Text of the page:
Briefing Book

Son of Star Wars. The Defense
Department plans to spend $6.6 billion over the next six years developing a system to
protect the continental United States from ballistic missile attack.


Officials say the National Missile Defense System will include a satellite sensor to
detect missile launches, an early-warning radar to track flight paths, a ground radar to
target missiles and a ground-launched interceptor to destroy them.


Although a final decision to deploy the system has not been made, DOD estimates it will
deploy the system by 2005 at the latest.


AMC CIO. The Army Materiel Command has appointed James
Buckner as its new chief information officer.


Buckner, who is a member of the Senior Executive Service, previously was chief
engineering executive for electronic commerce at the Defense Information Systems Agency.


He began his Defense career with the Air Force’s Standard Systems Group at Gunter
Annex, Ala., where he was SSG’s first engineering director.


Before joining SSG, Buckner worked for McDonnell Douglas Corp. as information systems
director in the company’s space systems division.


Bruckner has a master’s degree in computer science from the University of Houston.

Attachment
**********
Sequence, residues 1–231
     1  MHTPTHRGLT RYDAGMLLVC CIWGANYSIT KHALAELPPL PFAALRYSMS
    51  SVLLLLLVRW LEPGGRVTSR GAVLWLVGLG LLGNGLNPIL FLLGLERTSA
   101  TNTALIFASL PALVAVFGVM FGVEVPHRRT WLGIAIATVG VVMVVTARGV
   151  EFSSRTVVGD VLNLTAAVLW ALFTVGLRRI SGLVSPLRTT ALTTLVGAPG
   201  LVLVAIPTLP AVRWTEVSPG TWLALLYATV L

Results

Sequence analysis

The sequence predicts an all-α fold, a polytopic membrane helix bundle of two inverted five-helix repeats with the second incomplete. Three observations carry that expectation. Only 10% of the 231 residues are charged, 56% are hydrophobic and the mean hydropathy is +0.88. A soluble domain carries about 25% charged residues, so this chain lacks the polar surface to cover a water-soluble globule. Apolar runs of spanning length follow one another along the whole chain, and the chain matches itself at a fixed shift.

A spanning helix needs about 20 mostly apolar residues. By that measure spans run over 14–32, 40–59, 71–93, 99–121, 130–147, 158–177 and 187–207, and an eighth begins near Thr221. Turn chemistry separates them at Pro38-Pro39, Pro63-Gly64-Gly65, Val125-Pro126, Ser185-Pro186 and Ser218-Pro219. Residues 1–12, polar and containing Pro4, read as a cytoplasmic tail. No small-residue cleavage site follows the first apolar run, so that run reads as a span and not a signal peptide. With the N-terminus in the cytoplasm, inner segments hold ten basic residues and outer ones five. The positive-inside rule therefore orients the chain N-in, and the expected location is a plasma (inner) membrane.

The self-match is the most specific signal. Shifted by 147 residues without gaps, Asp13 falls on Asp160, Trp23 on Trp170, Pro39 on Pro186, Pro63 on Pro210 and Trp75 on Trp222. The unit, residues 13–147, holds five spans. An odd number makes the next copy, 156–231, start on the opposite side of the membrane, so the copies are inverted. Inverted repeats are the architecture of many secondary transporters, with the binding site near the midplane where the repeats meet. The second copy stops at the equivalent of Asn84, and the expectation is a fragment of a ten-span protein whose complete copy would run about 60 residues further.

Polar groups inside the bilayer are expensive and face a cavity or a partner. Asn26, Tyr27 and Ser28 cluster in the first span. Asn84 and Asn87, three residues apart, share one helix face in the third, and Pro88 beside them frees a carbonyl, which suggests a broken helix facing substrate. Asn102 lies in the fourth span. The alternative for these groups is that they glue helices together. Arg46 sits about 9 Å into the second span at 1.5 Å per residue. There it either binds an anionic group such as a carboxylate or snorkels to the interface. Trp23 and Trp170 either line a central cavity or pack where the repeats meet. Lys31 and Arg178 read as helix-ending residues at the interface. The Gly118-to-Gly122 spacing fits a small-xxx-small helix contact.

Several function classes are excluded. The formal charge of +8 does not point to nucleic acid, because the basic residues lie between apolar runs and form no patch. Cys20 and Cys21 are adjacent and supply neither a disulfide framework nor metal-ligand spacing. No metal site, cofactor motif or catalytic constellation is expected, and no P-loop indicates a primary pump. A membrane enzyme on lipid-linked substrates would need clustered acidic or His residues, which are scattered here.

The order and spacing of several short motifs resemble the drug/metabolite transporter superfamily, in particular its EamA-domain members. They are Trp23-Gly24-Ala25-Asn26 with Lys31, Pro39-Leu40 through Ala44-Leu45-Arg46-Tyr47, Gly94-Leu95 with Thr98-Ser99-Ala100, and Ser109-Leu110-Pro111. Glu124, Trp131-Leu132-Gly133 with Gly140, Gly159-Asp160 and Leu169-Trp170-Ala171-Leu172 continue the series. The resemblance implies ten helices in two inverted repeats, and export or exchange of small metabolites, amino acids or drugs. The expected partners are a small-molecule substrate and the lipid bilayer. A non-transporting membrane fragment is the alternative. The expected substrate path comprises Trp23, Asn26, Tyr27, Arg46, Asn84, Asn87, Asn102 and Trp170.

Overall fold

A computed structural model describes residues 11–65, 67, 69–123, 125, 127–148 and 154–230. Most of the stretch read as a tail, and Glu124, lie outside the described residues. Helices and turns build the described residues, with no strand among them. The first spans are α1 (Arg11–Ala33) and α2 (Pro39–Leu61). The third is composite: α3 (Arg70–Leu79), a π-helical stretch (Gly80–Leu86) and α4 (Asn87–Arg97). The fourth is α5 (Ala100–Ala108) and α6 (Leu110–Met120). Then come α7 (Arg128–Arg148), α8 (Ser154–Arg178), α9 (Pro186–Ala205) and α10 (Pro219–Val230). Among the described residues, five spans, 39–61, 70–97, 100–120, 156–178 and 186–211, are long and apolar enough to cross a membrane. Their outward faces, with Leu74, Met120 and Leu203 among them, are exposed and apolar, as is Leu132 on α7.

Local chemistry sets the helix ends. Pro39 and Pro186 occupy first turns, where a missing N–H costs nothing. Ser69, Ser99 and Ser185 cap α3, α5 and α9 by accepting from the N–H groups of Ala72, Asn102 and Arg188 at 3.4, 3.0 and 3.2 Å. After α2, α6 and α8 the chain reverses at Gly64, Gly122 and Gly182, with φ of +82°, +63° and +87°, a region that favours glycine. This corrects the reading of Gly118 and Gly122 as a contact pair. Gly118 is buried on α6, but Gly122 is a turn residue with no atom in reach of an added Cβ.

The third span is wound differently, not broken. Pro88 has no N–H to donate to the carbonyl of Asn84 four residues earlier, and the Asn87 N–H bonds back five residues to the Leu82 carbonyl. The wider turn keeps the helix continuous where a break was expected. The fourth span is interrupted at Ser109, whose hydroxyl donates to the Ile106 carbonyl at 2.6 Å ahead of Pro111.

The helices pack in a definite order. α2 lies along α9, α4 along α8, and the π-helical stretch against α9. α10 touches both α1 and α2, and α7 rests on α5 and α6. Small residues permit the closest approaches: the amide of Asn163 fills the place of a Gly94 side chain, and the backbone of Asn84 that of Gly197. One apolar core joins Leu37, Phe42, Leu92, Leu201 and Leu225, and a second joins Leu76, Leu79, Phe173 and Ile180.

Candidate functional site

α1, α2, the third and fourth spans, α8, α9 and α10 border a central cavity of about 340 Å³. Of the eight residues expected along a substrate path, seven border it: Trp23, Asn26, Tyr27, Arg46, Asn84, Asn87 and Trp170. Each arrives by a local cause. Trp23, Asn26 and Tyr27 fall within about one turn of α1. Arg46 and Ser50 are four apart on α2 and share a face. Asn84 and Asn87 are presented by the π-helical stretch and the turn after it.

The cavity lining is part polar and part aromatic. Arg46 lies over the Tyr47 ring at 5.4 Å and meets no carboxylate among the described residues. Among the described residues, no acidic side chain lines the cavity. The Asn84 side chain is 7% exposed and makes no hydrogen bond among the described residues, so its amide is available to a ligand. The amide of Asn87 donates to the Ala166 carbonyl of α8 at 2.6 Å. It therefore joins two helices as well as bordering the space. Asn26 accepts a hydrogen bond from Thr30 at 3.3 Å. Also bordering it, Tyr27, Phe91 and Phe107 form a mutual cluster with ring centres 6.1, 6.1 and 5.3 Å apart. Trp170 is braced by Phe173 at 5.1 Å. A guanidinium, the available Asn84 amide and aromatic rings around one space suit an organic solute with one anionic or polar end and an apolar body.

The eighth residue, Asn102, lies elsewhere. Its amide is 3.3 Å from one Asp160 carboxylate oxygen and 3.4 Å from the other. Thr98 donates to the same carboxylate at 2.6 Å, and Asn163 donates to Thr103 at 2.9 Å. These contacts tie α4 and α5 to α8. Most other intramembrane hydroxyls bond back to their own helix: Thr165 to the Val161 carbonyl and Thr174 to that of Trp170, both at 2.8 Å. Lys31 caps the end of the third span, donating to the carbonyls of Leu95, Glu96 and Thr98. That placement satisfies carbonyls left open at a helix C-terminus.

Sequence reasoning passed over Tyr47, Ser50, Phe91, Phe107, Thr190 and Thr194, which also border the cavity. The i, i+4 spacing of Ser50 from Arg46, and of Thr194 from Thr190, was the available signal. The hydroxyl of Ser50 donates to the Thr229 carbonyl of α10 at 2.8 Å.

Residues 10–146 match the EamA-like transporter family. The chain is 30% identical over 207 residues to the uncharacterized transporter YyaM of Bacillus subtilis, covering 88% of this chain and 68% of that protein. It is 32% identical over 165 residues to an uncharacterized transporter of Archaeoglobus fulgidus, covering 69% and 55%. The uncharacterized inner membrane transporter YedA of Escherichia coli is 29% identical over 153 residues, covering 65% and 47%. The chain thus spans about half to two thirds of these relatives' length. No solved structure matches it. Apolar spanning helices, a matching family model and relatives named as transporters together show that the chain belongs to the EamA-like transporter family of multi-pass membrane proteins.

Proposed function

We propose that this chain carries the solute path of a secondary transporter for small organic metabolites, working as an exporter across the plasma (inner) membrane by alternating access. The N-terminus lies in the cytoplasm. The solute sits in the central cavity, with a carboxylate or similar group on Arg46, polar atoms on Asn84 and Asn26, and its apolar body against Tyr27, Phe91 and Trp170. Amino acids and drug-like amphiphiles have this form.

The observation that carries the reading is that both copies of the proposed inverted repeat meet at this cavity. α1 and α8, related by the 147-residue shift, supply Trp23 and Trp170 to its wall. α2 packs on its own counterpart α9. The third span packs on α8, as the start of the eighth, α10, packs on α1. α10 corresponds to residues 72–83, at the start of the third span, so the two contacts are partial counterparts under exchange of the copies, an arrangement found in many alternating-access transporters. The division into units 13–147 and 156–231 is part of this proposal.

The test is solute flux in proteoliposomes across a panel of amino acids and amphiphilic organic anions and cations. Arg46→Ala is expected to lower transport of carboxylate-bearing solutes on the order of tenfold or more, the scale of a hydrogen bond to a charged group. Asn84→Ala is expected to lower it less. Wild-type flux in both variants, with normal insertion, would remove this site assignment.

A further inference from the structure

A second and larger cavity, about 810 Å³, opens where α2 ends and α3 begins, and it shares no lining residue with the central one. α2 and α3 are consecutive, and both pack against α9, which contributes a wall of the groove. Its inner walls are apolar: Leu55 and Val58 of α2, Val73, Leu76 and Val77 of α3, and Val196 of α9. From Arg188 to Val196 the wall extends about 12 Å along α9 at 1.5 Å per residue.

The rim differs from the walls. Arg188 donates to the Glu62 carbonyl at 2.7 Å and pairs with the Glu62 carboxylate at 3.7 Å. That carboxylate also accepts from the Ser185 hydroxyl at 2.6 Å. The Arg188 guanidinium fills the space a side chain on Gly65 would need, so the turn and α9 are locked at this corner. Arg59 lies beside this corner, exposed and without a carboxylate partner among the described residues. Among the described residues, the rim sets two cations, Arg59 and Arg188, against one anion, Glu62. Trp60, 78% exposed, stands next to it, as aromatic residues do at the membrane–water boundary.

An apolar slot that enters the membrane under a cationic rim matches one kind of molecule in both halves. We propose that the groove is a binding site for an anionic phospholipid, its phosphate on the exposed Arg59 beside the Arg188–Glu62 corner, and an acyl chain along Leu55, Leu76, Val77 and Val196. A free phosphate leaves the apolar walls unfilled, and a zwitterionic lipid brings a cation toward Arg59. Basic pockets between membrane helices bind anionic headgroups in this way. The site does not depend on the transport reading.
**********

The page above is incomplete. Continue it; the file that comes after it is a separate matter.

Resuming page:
Air Force IT strategy. The Standard Systems Group this
month will begin replacing its current information technology products and services
contracts with blanket purchasing agreements.


Through the IT Tools 2 program, SSG will replace its indefinite-delivery,
indefinite-quantity contracts with BPAs in five product groups: computer systems,
networking, software and applications, peripheral equipment and services.


For the first round of agreements, SSG will release invitations to bid for desktop PC,
portable PC and peripheral BPAs.


Keeping track. The Standard Systems Group has developed
and implemented a new system to help manage the Air Force’s $4 billion hardware and
software inventory.


SSG’s Information Processing Management System, which runs under Microsoft
Windows, replaces two legacy systems and will save an estimated $2.2 million in its first
year of use. More than 1,000 equipment control officers at 298 Air Force bases worldwide
use the system to track more than 2 million pieces of hardware and software.


The control officers transmit reports to SSG, which compiles the information for
quarterly reports the Air Force sends to Congress that are used to determine IT budgets.


—Gregory Slabodkin


Internet: gslabodkin@gcn.com

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